When Kelly Bryan was 5 years old, she picked up a bow and a violin and started gaining valuable skills that would last her a lifetime. 

“When you make a life decision at 5 years old, you learn perseverance and commitment,” Bryan said. “That instrument takes you through all the phases of development — awkward middle school, super busy high school and figuring out college. It’s so useful to fall back on that skill and know that you have tenacity and grit.”

Both of Bryan's parents were teachers, and she was inspired by the creativity of music education, which led her to pursue a degree in instrumental and general music education at Ball State, where she graduated in 2006. 

“I loved the experiences and life lessons through my experience in school music, so it was a great opportunity to be able to create those types of environments for others,” Bryan said.

Now, Bryan expresses her passion for music education as the executive director of the Midwest Clinic, an international band, orchestra and music conference held in Chicago every December, where she “coordinates all of the details necessary to plan and run the event.” 

“Being [executive] director, it’s a lot like teaching, to be honest,” Bryan said. “Just understanding the scope of something and creating a plan to ensure you will get it done by the deadline. At school, you’re preparing for a concert, and here, it’s for an event instead.”

During her interview for the position, Bryan said, she walked into a room of 18 interviewers, but she was not nervous. One of the interviewers was Tim Lautzenheiser, who Bryan had met while he was teaching a class at Ball State. The two had worked together at the Conn-Selmer Institute, another music professional development conference, where Bryan held four different positions over six years.

“In our interview while she was still a finalist, Kelly was extraordinarily professional as always,” Lautzenheiser said. “It was like the NFL draft, and Kelly was the first pick.” 

Bryan received the job offer in late December 2019 and began her new job in early February. Some of her job responsibilities include booking venues, marketing the event and running social media pages for the Midwest Clinic.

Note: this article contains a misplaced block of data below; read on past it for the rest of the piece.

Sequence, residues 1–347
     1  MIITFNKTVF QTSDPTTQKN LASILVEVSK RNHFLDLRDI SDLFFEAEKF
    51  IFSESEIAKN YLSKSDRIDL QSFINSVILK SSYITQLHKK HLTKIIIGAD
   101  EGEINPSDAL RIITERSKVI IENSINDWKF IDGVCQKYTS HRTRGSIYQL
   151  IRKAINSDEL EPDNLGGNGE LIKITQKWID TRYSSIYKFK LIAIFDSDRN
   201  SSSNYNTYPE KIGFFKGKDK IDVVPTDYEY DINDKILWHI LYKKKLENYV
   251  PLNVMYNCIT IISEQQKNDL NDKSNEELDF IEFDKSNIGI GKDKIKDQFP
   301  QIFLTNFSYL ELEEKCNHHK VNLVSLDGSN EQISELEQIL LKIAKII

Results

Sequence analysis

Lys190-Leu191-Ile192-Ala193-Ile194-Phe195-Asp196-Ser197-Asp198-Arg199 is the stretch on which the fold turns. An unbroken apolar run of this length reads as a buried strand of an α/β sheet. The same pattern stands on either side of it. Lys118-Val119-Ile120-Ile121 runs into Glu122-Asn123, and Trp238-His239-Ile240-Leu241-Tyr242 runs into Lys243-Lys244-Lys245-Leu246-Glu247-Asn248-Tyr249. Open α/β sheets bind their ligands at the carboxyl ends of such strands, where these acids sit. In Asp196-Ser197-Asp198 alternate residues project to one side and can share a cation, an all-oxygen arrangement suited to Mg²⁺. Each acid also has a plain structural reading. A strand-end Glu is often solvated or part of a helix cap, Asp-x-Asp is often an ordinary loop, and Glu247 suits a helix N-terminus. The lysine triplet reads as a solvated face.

Midwest Clinic attendees line up at the gates before the December 2019 conference. The international orchestra conference draws approximately 17,000 attendees each year. Jolesch Enterprises, Photo Provided.


“Kelly is positive, brilliant, smart, nice — any positive superlative you can think of, that’s Kelly,” Lautzenhesier said. “It's great to be around people like that because you can pass the ball blind to them, and you know they’re going to make a basket.”

Although Bryan was the youngest and least-experienced of the four finalists for the executive director position, she said, her experiences with Ball State’s Symphony Orchestra and her previous jobs as a teacher and conference organizer prepared her for her responsibilities as executive director. 

“Some professors that I had and the relationships that I built through my experiences at Ball State were instrumental in paving the way for this opportunity,” Bryan said. “This job is definitely one of my proudest moments, and I can say with 100 percent certainty that the connections I made at Ball State were critical in getting me to this point.”

After graduating from Ball State, Bryan moved to Las Vegas for her first job as assistant orchestra director at Clark High School. 

“I miss not being able to make music every day, and I miss the interaction with students,” Bryan said. “It was such a great experience, and I miss the good things.”

While Bryan said she loved her first job as a high school teacher, she struggled with taking care of herself.

“Sometimes when I was teaching, I would realize it was 4 o’clock in the afternoon, and I hadn’t eaten anything all day, so I would go wherever and get unhealthy food because I wanted something immediately,” she said. “I now recognize that if I don’t take care of myself, I will get burned out very quickly … and have nothing to give others.”

Bryan said she now plans out her meals weekly and exercises regularly to ensure she stays healthy.

“It’s very easy with a new job to get overwhelmed and not take care of yourself,” she said. “There’s so much to learn. Every day, I’m learning something new, and it’s challenging but also exciting.”

As executive director for the Midwest Clinic, Bryan said her favorite part is working with people she has looked up to all throughout her career.

“I have so much respect and regard for this organization, and everyone who I’ve gotten to work with has been incredible,” Bryan said. “I’ve been to the [Midwest] Clinic before as a professional, and I’m still giddy with the idea that I have this position.”

Contact Grace McCormick with comments at grmccormick@bsu.edu or on Twitter @graceMc564.